William Shakespeare

(26 April 1564 - 23 April 1616 / Warwickshire)

Aubade - Poem by William Shakespeare

HARK! hark! the lark at heaven's gate sings,
   And Phoebus 'gins arise,
His steeds to water at those springs
   On chaliced flowers that lies;
And winking Mary-buds begin
   To ope their golden eyes:
With everything that pretty bin,
   My lady sweet, arise!
   Arise, arise!

Comments about Aubade by William Shakespeare

  • (7/8/2018 10:27:00 AM)

    This prom is very short but this prom is very nice (Report) Reply

    0 person liked.
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  • (5/28/2018 6:58:00 PM)

    can somone explain this poem (Report) Reply

  • (5/26/2018 10:22:00 AM)

    This poem is so good (Report) Reply

  • Sylvaonyema Uba (4/11/2018 5:50:00 AM)

    My lady is sweet, arise.

    NIcely written and well communicated with
    Excellent use of rhyme scheme.

    (Report) Reply

  • (12/11/2017 5:53:00 AM)

    iohrvqw'F8Yw; hvegqjekrhfuireqg; IQGTREKGVERY' (Report) Reply

  • Joshua Adeyemi (4/11/2017 12:08:00 PM)

    Descriptive.....Arise, arise! ..... Thanks for sharing. (Report) Reply

  • Indira Renganathan (11/14/2016 7:45:00 AM)

    excellent aubade.. a very catchy beautiful nature poem- 10 (Report) Reply

  • Fabrizio Frosini (3/30/2016 3:13:00 AM)

    the word Aubade comes from French 'albade', that is the feminine form of the Latin word 'albus' (alba) = dawn, and it refers to a song or instrumental composition concerning daybreak.
    [from Wikipedia: ]
    An aubade is a morning love song (as opposed to a serenade, which is in the evening) , or a song or poem about lovers separating at dawn.
    It has also been defined as ''a song or instrumental composition concerning, accompanying, or evoking daybreak''.
    (Report) Reply

  • Terry Craddock (12/15/2015 6:43:00 AM)

    'HARK! hark! the lark at heaven's gate sings, '

    If I arrived at heaven's gate and had a choice, I would love to hear the dawn chorus which greeted pioneers in New Zealand in the bush every morning, history records the amazing sound of hosts of native birds as superior to or similar to great classical orchestra pieces played by the greatest, yet introduced predators like rats, stoats, cats, dogs, etc have killed off most of the birds and 1080 poison drops to kill possums killing native trees kill even more birds, thus the dawn chorus enters myth legend as a sadly golden age we cannot regain; it would take a miracle to hear and what poet or musician of passion would not desire the chance to hear the infamous lost dawn chorus of New Zealand past.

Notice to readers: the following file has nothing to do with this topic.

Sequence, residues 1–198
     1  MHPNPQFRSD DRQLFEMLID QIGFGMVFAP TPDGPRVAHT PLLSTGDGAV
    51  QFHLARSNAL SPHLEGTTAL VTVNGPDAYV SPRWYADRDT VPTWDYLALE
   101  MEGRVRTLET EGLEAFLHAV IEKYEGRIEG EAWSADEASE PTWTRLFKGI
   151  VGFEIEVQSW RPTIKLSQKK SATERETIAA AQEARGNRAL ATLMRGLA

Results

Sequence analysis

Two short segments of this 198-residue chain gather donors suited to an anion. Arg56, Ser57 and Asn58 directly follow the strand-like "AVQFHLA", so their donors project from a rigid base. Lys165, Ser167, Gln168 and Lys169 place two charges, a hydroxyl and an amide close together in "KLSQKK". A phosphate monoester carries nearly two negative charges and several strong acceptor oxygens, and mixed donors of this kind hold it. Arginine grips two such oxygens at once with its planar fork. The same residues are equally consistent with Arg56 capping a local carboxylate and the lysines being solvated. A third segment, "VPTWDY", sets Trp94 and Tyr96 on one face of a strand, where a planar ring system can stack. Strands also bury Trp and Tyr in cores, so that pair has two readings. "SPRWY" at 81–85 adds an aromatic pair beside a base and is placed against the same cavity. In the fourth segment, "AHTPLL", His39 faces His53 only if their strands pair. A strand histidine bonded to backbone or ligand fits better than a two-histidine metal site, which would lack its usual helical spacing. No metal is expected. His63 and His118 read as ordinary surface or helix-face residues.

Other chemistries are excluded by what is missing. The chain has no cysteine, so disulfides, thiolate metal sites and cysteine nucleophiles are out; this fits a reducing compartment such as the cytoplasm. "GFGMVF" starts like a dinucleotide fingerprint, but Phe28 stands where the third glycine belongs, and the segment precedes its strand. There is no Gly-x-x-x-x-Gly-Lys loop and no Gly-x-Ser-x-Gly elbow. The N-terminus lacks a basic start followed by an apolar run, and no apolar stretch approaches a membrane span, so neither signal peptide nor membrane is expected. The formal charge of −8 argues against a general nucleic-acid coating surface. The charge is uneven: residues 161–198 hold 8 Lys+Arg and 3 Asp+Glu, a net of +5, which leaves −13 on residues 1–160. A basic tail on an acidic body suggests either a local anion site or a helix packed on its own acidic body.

(Report) Reply

  • (11/17/2015 8:50:00 PM)

    ....wonderful dialogue ★ (Report) Reply

  • Seema Jayaraman (9/10/2015 6:58:00 AM)

    Chaliced flowers! ! ! whew.. (Report) Reply

  • (5/20/2014 1:38:00 AM)

    He steeds to water at those springs.....marvelous poem from the greatest of poets. (Report) Reply

  • Brian Jani (4/26/2014 4:39:00 AM)

    Awesome I like this poem, check mine out (Report) Reply

  • Egal Bohen (2/28/2008 5:32:00 PM)

    Marsh marigolds at sunrise spring
    From Stratford's marshes green
    Here Shakespeare beauty doth compare
    With larks that sweetness sing
    (Report) Reply

  • (6/17/2005 12:22:00 AM)

    Phoebus is Apollo the sungod. This poem describes the sunlight striking a pond or
    lake, flower buds opening. I'm not certain what the lark at heaven's gate refers to.
    But since birds sing in the morning, I suppose the lark at heaven's gate also does.
    (Report) Reply

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Read poems about / on: water, heaven, spring, flower

Poem Submitted: Saturday, January 4, 2003

Poem Edited: Monday, March 24, 2014

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